Open with DEXTER

3 Estimate of the burning products

Owing to detonations being able to propagate through an essentially undisturbed equilibrium configuration, we can estimate the burning species on the basis of the hydrostatic density stratification of the progenitor star.

While the detonation front crosses dense material, $^{56}{\rm Ni}$ is mainly produced (for densities $\rho \gtrsim 3 \times 10^{~9}~{\rm g/cm^3}$, although adverse electron capturing becomes important). A sufficient amount of IMEs can only be obtained if there is enough material at densities lower than about $5 \times 10^7~{\rm g/cm^3}$ or $1 \times 10^7~{\rm g/cm^3}$(HBT and LBT limiting cases, respectively) in the progenitor star. Figure 1 illustrates the mass proportions in the corresponding density regimes for the rigid rotator, a rotator with approximately constant angular momentum ( $j_{\rm const}$), and a rotator obeying the rotation law derived for an accreting white dwarf (AWD; cf. Paper I and the study of Yoon & Langer (2004)). For every kind of rotator, the ratio of the equatorial radius to the polar radius steadily increases along the x-coordinate and the WD is deformed into a doughnut-like shape with increasingly rapid rotation.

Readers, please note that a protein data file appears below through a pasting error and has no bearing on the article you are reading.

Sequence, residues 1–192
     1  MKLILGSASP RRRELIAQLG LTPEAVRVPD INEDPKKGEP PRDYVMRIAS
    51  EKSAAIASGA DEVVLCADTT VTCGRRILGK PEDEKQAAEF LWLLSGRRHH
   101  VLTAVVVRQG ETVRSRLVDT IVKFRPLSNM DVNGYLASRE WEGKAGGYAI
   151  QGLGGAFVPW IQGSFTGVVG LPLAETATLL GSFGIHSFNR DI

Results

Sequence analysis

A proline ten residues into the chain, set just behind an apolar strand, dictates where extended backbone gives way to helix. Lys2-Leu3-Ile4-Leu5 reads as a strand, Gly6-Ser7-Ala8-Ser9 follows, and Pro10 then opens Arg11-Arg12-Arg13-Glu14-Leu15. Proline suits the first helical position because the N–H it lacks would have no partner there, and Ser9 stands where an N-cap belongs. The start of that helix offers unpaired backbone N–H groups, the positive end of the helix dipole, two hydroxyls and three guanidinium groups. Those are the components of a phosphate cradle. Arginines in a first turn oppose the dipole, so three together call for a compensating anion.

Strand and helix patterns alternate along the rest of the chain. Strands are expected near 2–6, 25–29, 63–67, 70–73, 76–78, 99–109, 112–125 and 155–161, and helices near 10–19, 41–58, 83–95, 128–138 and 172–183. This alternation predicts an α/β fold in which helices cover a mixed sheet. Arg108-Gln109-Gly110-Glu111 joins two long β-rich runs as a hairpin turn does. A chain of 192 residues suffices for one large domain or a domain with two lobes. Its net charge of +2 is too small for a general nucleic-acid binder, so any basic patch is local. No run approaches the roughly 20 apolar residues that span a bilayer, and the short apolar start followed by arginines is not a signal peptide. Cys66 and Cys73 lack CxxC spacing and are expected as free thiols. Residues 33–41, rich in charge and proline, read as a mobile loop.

From Fig. 1, it is clear that for the AWD3 series, fewer IGEs and, at the same time, more IMEs are generated in comparison to the other models. The AWD3 rotator with the fraction of the radii $r_{\rm equator} / r_{\rm pol} = 2.4$contains $1.41~M_{\odot}$ of IGEs and $0.45~M_{\odot}$ of IMEs, or $1.86~M_{\odot}$ of IGEs and $0.21~M_{\odot}$ of IMEs (HBT and LBT limiting cases, respectively). In contrast, the $j_{\rm const}$ sequence used by Steinmetz et al. (1992) produces more IGEs and fewer IMEs.

4 Evolution of a prompt detonation

Figure 2 shows the density contours of the centrally ignited ``AWD3 detonation'' explosion model. The burning front (white, thick line) moves outwards (without stopping after burning has ceased but continues to propagate outside the star for numerical reasons). The large amount of IMEs resulting from the prompt detonation of the AWD3 rotator stems from the equatorial bulge of low density material that is typical of accreting WD rotation (the density thresholds for the production of IMEs and IGEs, respectively, are indicated by the contour lines inside the burning front for the HBT limiting case).

Table 1:   Quantities for the ``AWD3 detonation'' explosion model from the initial model in the HBT and LBT limiting cases.